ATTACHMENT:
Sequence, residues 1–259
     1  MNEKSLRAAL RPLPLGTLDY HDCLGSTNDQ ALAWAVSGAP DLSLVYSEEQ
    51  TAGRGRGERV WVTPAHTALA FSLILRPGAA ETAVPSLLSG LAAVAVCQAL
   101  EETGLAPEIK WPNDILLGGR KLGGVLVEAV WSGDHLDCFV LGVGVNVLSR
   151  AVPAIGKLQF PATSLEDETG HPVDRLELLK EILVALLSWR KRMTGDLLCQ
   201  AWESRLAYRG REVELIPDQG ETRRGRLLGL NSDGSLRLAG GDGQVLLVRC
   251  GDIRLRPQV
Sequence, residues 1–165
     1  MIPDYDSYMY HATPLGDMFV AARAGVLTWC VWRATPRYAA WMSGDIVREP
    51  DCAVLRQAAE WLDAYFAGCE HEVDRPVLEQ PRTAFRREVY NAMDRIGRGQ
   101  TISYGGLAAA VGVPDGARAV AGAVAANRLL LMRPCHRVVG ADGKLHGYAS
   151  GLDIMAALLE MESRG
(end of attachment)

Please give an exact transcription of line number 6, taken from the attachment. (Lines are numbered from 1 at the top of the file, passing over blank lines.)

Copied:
   201  AWESRLAYRG REVELIPDQG ETRRGRLLGL NSDGSLRLAG GDGQVLLVRC